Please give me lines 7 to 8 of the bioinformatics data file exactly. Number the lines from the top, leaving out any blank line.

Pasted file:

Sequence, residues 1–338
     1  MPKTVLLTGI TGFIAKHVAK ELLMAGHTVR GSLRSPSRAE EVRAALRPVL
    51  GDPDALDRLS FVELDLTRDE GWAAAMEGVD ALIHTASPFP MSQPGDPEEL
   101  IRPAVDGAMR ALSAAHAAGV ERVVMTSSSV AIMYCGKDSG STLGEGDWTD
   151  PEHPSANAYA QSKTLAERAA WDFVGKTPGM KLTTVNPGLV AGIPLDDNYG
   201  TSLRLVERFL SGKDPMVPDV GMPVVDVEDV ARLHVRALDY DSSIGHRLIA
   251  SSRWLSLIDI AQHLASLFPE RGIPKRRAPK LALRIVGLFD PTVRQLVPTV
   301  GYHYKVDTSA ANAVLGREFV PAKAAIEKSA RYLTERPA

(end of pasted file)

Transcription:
   251  SSRWLSLIDI AQHLASLFPE RGIPKRRAPK LALRIVGLFD PTVRQLVPTV
   301  GYHYKVDTSA ANAVLGREFV PAKAAIEKSA RYLTERPA